English Gardens
Pleasure for all the Senses

The English are known to be fond of gardening and for long English gardens have been a byword for stylish relaxation. But if you're thinking of immaculate lawns, croquet and afternoon tea, then you have only half the story.

I love visiting English gardens, and not just because they're beautiful to look at and relaxing to wander through. To me, they're also a piece of living history, an idea shaped through the ages, forever changing.

And what we today consider a stunning architectural feature or a plot to delight the senses, might once have been important to the survival of the household.

In the Middle Ages, gardens played an important part in the management of a manor house.

Here the lady grew herbs both for the kitchen and for doctoring the household, for scenting linen, for strewing and for helping with the washing and dying of cloth. Vegetables or 'sallets' to augment the diet were also grown.

Not many medieval gardens have survived, but properties like Glastonbury Abbey, Gloucester Cathedral and a number of historical houses have re-created medieval-style herb gardens within their grounds.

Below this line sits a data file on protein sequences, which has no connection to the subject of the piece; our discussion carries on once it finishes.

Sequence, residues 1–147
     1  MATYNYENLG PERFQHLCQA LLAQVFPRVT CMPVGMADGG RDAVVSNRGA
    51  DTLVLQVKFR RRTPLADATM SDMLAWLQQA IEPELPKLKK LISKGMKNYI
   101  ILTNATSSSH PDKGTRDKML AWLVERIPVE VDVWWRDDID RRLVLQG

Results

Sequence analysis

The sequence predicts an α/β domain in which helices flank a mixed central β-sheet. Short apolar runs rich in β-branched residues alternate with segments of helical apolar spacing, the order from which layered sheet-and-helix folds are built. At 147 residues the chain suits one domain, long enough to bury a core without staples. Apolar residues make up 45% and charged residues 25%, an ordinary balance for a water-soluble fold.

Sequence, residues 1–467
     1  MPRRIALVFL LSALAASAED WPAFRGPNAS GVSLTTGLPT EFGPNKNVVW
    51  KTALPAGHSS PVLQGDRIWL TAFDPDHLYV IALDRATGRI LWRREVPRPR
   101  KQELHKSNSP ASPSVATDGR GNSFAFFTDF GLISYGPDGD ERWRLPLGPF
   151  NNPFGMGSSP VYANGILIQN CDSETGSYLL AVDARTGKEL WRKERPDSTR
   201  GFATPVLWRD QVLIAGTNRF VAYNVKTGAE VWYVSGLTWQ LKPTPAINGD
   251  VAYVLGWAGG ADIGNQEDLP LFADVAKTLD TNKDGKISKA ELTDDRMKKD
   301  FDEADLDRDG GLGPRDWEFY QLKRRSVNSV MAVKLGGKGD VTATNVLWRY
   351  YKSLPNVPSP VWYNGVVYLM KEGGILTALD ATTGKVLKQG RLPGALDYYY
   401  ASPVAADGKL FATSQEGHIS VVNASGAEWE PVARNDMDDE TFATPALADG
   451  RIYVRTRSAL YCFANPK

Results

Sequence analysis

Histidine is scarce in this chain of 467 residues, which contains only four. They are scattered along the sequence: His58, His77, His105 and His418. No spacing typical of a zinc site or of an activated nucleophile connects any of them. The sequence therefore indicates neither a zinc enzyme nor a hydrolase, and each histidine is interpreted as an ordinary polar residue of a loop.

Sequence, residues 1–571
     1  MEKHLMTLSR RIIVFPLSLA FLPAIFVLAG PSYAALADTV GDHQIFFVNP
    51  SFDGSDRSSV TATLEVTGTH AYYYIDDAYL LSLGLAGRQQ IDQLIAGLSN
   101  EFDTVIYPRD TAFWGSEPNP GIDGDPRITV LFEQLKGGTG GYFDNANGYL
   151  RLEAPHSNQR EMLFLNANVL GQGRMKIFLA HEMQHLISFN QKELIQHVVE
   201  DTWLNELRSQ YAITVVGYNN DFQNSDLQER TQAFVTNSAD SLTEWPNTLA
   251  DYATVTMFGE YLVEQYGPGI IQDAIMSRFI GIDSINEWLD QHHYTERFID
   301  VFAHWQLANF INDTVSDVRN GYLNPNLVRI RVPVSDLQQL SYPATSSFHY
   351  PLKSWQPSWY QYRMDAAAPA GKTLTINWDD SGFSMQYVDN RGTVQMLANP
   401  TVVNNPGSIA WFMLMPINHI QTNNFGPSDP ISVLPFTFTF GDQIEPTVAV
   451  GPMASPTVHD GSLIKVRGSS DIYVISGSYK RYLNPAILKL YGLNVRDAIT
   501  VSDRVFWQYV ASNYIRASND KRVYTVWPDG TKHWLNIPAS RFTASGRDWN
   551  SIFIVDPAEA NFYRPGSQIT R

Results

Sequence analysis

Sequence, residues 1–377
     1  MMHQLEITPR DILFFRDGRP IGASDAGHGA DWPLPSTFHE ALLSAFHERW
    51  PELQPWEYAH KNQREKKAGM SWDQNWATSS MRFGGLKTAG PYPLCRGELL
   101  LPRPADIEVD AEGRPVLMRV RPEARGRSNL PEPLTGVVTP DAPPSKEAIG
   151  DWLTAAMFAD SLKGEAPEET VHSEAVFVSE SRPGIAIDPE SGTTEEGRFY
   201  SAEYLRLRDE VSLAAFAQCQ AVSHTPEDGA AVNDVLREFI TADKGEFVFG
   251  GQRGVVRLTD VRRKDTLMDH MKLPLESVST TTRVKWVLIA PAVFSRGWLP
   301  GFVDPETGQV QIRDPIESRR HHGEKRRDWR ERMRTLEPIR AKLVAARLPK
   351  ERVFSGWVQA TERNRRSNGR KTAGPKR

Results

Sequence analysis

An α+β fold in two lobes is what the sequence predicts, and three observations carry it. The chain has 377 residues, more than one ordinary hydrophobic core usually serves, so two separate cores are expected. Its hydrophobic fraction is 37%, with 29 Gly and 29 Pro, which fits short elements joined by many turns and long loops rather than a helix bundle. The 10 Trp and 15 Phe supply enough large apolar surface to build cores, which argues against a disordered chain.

It was only later - during the Tudor era - that gardens became ornamental. Those intricate knot gardens were meant to be admired from the windows of the house. I'm not sure they were ever meant to be walked.

Hampton Court Palace has a wonderful example, as does Hatfield House in Hertfordshire, where Queen Elizabeth I grew up. And the garden that Robert Dudley, Earl of Leicester, created at Kenilworth Castle to impress his Queen has just been recreated there and already looks spectacular.

The Romantic period brought a love of the outdoors and sweeping vistas and suddenly landscape gardens were all the rage for those who could afford them.

For me, they're what England is justly famous for. England just wouldn't look like England without those parks, built on a grandiose scale like those at Croome Park, Stowe House, Stourhead, or Chatsworth Park - all the more astonishing if you consider how little in the way of heavy equipment was available to create the stunning views and water features.

With the budding Empire and exploration came exotic blooms and plant collecting became all the rage. Landscape gardens like Sheringham Park took advantage of blooms that had never been seen before. Where there was shelter, subtropical plants were grown - such as at Abbotsbury's Subtropical Garden - and glasshouses were all the rage to grow lemons, limes, pineapples and peaches.

And then there are the true plantsman's gardens, gardens built to showcase plants in all their multitude of colours and shapes. Sissinghurst in Kent, Barnsley House and Hidcote Manor in Gloucestershire spring to mind here. And then, there's one of my favourites ... the tiny garden hidden away in the dunes below Lindisfarne Castle.

So follow me into an exploration of the best English gardens ... and I hope you'll derive as much enjoyment from it as we do.